Abuse and Neglect: Societal Consequences

This information was taken directly from Child Welfare Information Gateway

Societal Consequences

While child abuse and neglect usually occur within the family, the impact does not end there. Society as a whole pays a price for child abuse and neglect, in terms of both direct and indirect costs.

Direct costs

The lifetime cost of child maltreatment and related fatalities in 1 year totals $124 billion, according to a study funded by the CDC. Child maltreatment is more costly on an annual basis than the two leading health concerns, stroke and type 2 diabetes (Xiangming, Brown, Florence, & Mercy, 2012). On the other hand, programs that prevent maltreatment have shown to be cost effective. The U.S. Triple P System Trial, funded by the CDC, has a benefit/cost ratio of $47 in benefits to society for every $1 in program costs (Mercy, Saul, Turner, & McCarthy, 2011).

Indirect costs

Indirect costs represent the long-term economic consequences to society because of child abuse and neglect. These include costs associated with increased use of our health-care system, juvenile and adult criminal activity, mental illness, substance abuse, and domestic violence. Prevent Child Abuse America estimates that child abuse and neglect prevention strategies can save taxpayers $104 billion each year. According to the Schuyler Center for Analysis and Advocacy (2011), every $1 spent on home visiting yields a $5.70 return on investment in New York, including reduced confirmed reports of abuse, reduced family enrollment in Temporary Assistance for Needy Families, decreased visits to emergency rooms, decreased arrest rates for mothers, and increased monthly earnings. One study found that all eight categories of adverse childhood experiences were associated with an increased likelihood of employment problems, financial problems, and absenteeism (Anda et al., 2004). The authors assert that these long-term costs—to the workforce and to society—are preventable.

Prevention Practice and Strategies

To break the cycle of maltreatment and reduce the likelihood of long-term consequences, communities across the country must continue to develop and implement strategies that prevent abuse or neglect from happening. While experts agree that the causes of child abuse and neglect are complex, it is possible to develop prevention initiatives that address known risk factors.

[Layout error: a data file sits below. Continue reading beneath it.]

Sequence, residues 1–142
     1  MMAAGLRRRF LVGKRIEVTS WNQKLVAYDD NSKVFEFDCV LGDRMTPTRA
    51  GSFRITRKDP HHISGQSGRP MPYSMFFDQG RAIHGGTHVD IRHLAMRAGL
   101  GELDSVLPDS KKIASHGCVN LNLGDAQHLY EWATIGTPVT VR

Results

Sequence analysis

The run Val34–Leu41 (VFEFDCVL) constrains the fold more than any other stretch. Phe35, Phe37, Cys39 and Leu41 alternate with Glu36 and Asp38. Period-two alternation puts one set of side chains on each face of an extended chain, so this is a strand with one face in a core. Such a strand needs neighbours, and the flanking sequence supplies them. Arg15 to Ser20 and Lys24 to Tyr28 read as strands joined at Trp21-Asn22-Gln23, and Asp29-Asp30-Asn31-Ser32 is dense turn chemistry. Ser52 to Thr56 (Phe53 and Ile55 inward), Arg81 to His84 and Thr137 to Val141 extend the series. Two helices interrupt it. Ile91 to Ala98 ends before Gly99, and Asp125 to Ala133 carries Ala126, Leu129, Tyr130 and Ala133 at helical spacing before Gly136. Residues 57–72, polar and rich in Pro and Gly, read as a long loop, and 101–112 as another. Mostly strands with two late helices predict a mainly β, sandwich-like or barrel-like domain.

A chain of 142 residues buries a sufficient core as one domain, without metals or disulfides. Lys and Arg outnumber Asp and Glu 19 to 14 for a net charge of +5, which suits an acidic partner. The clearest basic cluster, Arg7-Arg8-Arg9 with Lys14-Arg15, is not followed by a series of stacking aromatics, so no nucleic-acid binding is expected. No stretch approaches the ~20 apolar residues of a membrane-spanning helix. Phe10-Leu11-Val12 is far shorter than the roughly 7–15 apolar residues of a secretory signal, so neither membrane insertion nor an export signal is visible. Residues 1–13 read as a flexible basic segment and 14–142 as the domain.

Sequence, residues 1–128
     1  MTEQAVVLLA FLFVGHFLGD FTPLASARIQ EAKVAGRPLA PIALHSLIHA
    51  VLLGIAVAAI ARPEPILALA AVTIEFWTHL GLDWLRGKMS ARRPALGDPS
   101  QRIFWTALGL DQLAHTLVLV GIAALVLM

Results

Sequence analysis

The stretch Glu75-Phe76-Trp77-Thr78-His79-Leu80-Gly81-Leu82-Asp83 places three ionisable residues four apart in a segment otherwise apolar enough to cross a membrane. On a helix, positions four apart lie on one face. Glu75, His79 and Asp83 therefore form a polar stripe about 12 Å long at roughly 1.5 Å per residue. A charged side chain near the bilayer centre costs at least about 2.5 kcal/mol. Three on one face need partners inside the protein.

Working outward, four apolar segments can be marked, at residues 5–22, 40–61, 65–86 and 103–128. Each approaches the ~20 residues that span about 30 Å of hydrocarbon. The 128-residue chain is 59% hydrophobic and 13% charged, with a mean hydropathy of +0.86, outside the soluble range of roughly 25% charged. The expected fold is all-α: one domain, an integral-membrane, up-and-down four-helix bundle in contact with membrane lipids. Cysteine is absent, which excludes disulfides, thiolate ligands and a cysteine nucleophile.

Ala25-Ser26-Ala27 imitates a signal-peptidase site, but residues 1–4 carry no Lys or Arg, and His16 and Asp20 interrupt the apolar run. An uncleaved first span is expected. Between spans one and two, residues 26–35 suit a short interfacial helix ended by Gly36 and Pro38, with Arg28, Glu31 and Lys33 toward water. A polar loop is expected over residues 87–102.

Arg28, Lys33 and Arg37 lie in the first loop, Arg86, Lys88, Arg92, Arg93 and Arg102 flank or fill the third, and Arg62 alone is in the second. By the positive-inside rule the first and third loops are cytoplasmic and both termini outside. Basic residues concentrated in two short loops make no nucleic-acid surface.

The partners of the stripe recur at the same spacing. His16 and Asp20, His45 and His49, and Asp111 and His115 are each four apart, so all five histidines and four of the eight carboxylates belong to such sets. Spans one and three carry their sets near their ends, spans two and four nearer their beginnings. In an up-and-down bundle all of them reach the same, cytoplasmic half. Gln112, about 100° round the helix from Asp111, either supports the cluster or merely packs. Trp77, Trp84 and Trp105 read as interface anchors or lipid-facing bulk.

For more information, visit Information Gateway’s Preventing Child Abuse and Neglect web section:

Trauma-Informed Practice

While the priority is to prevent child abuse and neglect from occurring, it is equally important to respond to those children and adults who have experienced abuse and neglect. Over the past 30 years, researchers and practitioners have developed a better understanding of the effects of trauma. More has been done in the way of developing supports to address these effects, build resiliency, and, hopefully, prevent further trauma. Trauma-informed practice refers to the services and programs specifically designed to address and respond to the impact of traumatic stress. The importance of this approach has become especially evident in the child welfare system, as a majority of children and families involved with child welfare have experienced some form of past trauma. When human service systems recognize and respond to the impact of trauma and use this knowledge to adapt policies and practices, children, youth, and families benefit (Wilson, 2012).

The National Child Traumatic Stress Network strives to raise the standard of care and improve access to services for traumatized children, their families, and communities:

For more information on trauma-informed practice, visit Information Gateway’s Treatment and Trauma-Informed Care web section:

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Child Welfare Information Gateway. (2013). Long-term consequences of child abuse and neglect. Washington, DC: U.S. Department of Health and Human Services, Children’s Bureau.